Guillermo del Toro
Andrea Raffin /

Guillermo del Toro claimed his first Golden Globe victory at Sunday night’s ceremony, taking the Hollywood Foreign Press Association’s best director honor over big hitters Martin McDonagh (‘Three Billboards Outside Ebbing,’ ‘Missouri’), Christopher Nolan (‘Dunkirk’), Ridley Scott (‘All the Money in the World’), and Steven Spielberg (‘The Post’).

As part of his acceptance speech, del Toro spoke about his films ‘The Devil’s Backbone,’ ‘Pan’s Labyrinth,’ and ‘The Shape of Water,’ saying:

“Since childhood I’ve been faithful to monsters — I have been saved and absolved by them. Because monsters, I believe, are patron saints of our blissful imperfection. For 25 years I have handcrafted very strange little tales, made of motion, color, life, and shadow. And in many of these instances — in three precise instances — these strange stories, these fables have saved my life.”

Revered by critics as one of the director’s best films, as well as one of the best of 2017, ‘The Shape of Water’ follows a mute woman (Sally Hawkins) who forms a romantic bond with a mysterious, humanoid sea creature (Doug Jones) against the backdrop of Cold War-era Baltimore. The film’s strong performances, production design, and sweeping score by Alexandre Desplat have earned praise on the Oscar trail as well, all coming together under the supervision of del Toro’s visionary command.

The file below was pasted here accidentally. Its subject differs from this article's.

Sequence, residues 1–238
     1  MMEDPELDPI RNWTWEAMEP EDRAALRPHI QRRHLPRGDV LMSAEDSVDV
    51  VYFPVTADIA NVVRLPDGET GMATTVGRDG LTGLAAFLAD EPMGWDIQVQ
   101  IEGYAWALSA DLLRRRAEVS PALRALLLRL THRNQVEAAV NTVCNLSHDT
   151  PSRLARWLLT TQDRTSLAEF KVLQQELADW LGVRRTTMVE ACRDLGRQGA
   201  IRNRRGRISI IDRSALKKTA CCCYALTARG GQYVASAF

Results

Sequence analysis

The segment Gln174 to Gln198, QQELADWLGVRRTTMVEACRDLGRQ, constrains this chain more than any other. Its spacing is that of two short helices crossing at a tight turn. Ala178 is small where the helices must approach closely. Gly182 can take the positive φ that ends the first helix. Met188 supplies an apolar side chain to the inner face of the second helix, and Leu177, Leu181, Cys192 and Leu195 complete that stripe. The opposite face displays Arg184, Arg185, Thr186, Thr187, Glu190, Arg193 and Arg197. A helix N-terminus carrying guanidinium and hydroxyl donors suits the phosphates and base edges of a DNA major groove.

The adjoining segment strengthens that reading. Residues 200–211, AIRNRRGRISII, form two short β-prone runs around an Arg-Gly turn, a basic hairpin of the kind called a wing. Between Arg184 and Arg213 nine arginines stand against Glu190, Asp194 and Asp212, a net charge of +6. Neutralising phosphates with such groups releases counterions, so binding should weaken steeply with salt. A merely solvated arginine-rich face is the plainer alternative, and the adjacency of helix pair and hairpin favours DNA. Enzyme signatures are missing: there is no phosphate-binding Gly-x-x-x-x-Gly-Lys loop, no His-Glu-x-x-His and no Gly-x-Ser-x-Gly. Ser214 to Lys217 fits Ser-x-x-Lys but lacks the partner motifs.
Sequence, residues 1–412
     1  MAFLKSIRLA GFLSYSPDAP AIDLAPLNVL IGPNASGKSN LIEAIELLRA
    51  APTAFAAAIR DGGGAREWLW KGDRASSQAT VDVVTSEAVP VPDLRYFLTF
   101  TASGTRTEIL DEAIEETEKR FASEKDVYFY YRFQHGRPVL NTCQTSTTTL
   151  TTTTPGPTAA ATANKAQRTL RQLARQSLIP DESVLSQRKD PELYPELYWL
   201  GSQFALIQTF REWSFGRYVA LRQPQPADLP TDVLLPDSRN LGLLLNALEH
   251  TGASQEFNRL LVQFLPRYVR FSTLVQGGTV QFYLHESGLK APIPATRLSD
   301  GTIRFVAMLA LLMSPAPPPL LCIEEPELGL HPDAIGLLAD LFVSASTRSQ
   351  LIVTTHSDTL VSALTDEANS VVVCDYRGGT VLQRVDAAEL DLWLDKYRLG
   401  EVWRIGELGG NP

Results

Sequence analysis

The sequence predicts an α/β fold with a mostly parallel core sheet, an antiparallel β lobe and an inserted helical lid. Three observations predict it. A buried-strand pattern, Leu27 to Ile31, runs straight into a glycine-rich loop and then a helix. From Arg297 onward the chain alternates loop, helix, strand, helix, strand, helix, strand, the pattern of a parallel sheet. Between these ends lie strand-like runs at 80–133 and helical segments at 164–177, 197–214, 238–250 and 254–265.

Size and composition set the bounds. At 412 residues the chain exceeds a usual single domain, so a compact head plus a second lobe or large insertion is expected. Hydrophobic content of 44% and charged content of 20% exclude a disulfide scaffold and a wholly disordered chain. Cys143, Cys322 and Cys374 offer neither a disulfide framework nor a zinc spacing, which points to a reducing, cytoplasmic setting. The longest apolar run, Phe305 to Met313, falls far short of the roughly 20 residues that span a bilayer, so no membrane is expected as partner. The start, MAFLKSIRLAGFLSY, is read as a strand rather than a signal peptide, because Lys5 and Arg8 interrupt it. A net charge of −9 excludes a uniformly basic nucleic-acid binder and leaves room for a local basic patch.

In a recent interview, del Toro spoke about his approach to the ambitious project, saying:

“The thing that I did very different from ever before is that I finally exhaled. I finally was able to consider films lyrically. I wanted you to come out of the [theater] humming the movie. Not the music of the movie. Humming the movie.”

His approach seems to have worked, as ‘The Shape of Water’ has become a major player in the awards circuit, scoring seven total Golden Globe nominations, a Writers Guild of America nod, a spot among the Critics Choice Awards’ best film nominees, and the top prize at the Venice Film Festival.

del Toro explained why the movie resonates with people:

“The movie is about listening and looking and about love because that’s what is really urgent that we say: Do not fear the other, do not believe the ideologies they’re feeding you. Do not reduce a person to one word, see the other person, listen. Because the antidote to hatred is understanding.”

You can watch his entire acceptance speech below and don’t miss ‘The Shape of Water’ in theaters now!